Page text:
Computational Methods in Finance, Fall 2000.

A graduate course in the Mathematics in Finance program at the Courarant Institute of Mathematical Sciences of New York University.

Instructor: Professor Jonathan Goodman,

Meeting: Warren Weaver Hall , room 1302, Wednesday evenings 5:10 to 7 pm.

First Class: September 6, 2000

Prerequisites: Scientific Computing. This courses covers basic numerical analysis and computational methods, including finite differences, error expansions, conditioning, and basic Monte Carlo. Corequisites: Mathematics of Finance II, and Partial Differential Equations in Finance. These courses cover multifactor models, diffusions and their relation to diffusion equations, and dynamic programming (not from a computational point of view). If you have not taken the courses but think you have the background for the course, contact the instructor.

Grading: The grade will be based on weekly assignments, mostly computational.

TA: Dmitri Krasnov is the teaching assistant for this class. Please feel free to contact him with questions about the class. His office hours are Mondays from 3 to 5. You may contact him for an appointment at another time.

Course description: Computational techniques for solving mathematical problems arising in finance. Numerical solution of parabolic partial differential equations, basic schemes, general theory, relation to binomial and trinomial trees, boundary conditions for American options, computation of sensitivities, application to one factor and multi factor models. Stochastic simulation and Monte Carlo. Pseudo random number generators, generating random variables with specified distributions, statistical analysis of simulation data and error bars. Numerical solution of stochastic differential equations. Application to pricing, hedging, and portfolio management. Path dependent options. Model calibration and hypothesis testing. Value at risk.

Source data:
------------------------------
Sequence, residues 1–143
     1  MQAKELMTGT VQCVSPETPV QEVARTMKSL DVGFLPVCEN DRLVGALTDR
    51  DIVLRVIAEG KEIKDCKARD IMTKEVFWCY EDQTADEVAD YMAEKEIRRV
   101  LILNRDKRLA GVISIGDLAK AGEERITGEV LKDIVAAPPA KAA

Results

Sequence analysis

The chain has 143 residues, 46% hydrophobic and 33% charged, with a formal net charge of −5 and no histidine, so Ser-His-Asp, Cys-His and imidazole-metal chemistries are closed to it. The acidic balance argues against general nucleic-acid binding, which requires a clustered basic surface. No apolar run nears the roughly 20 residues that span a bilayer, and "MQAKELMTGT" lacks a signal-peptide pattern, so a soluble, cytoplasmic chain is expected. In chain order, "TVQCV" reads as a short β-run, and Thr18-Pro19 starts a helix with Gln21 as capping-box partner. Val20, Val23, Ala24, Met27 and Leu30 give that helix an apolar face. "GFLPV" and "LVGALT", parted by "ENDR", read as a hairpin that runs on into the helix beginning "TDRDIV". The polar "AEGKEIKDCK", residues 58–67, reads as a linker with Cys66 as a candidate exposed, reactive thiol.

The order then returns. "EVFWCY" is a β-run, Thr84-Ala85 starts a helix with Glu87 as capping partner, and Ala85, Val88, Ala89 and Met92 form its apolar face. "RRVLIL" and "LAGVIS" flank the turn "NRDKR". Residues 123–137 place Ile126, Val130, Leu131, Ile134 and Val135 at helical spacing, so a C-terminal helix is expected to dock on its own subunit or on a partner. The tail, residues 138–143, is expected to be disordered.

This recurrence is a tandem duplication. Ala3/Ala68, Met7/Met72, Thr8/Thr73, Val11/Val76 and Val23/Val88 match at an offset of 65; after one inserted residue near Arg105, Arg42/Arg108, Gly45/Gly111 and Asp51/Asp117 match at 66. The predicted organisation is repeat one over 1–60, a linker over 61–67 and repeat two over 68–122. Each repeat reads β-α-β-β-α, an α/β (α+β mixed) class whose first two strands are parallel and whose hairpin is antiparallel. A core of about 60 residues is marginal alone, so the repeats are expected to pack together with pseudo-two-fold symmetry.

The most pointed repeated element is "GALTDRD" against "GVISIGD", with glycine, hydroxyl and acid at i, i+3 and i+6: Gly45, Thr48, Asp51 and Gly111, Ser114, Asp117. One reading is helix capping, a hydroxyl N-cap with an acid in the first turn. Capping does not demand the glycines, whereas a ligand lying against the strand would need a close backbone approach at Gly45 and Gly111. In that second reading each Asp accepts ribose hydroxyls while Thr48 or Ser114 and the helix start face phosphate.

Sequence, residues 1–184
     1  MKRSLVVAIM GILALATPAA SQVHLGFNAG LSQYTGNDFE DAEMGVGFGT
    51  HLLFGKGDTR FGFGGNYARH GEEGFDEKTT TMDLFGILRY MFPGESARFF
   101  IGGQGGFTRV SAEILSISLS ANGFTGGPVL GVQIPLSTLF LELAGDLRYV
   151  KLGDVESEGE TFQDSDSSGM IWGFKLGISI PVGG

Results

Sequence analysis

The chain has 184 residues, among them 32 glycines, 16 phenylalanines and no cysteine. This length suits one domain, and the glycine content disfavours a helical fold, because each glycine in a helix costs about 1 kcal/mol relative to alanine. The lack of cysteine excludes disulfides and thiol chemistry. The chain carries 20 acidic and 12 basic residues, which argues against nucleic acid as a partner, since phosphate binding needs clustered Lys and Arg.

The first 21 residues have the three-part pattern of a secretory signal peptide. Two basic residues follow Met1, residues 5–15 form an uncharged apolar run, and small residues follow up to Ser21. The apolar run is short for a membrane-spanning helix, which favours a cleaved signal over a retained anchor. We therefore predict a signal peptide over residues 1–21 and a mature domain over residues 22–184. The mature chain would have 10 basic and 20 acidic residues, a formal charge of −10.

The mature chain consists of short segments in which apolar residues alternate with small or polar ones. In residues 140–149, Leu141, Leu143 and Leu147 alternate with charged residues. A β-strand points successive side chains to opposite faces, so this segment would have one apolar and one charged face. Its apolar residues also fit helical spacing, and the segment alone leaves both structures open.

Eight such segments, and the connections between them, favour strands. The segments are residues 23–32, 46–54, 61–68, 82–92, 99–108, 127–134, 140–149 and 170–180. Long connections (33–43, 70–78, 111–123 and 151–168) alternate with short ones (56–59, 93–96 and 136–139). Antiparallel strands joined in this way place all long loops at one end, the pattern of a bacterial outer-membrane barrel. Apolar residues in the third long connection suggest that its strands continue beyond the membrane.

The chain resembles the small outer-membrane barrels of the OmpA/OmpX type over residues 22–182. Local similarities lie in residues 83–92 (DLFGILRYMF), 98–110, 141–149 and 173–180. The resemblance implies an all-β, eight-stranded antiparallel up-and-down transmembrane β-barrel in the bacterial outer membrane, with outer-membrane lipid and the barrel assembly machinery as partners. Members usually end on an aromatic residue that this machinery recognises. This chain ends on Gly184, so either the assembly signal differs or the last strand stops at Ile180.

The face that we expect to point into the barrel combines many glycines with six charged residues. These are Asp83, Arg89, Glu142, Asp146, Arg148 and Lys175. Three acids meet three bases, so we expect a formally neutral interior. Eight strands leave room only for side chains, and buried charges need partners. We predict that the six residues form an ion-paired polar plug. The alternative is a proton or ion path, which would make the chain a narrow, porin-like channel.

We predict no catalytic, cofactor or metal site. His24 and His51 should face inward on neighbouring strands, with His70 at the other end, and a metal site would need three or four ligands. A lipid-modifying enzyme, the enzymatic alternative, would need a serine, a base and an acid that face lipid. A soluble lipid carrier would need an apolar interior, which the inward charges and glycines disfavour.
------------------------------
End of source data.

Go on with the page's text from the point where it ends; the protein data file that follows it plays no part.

Class bulletin board for notes on homework and other announcements, as well as questions. Everyone in the class should check it often, and all are invited to conribute to it. You may post questions, or post a message looking for a homework partner, or a general comment on the class.

Note on downloading:

There is lots of stuff to download here. Anyone may download and print a personal copy. Please do not use them for any other purpose without telling me.

Each document will be posted in three formats: the original LaTeX source, the Postscript file, and a translation of the postscript file into PDF format. Postscript is a language created by Adobe for high end printers. If you have a Postscript printer, you can simply print the Postscript format file. This is the best method. Software for viewing and printing Postscript files on non Postscript printers, mostly under the name "ghostscript" is free for the downloading. LaTeX is a typesetting system used by most mathematicians and physicists. It too is shareware. The LaTeX files are the source files for the documents. The Acrobat reader, which allows you to view and print PDF format files, is an Adobe product and can be downloaded free.


Week 1: Dynamic programming, basic probability and Markov chains, forward and backward inductive computation of probabilities, expected values, and optimal decisions under uncertainty. The notes, in LaTeX format, Postscript format, or PDF format, as of September 5.

Homework assignments

Assignment 1, in LaTeX format, postscript format, or PDF format. Please read the comments on homework 1 before going on to homework 2.

Assignment 2, in LaTeX format, postscript format, or PDF format.

Assignment 3, in LaTeX format, postscript format, or PDF format. Warning: This new version of assignment 3 was posted October 20. It fixes the mistake in sigma_1 and clairifies some issues.

Assignment 4, in LaTeX format, postscript format, or PDF format.

Assignment 5, in LaTeX format, postscript format, or PDF format.

Assignment 6, in LaTeX format, postscript format, or PDF format.

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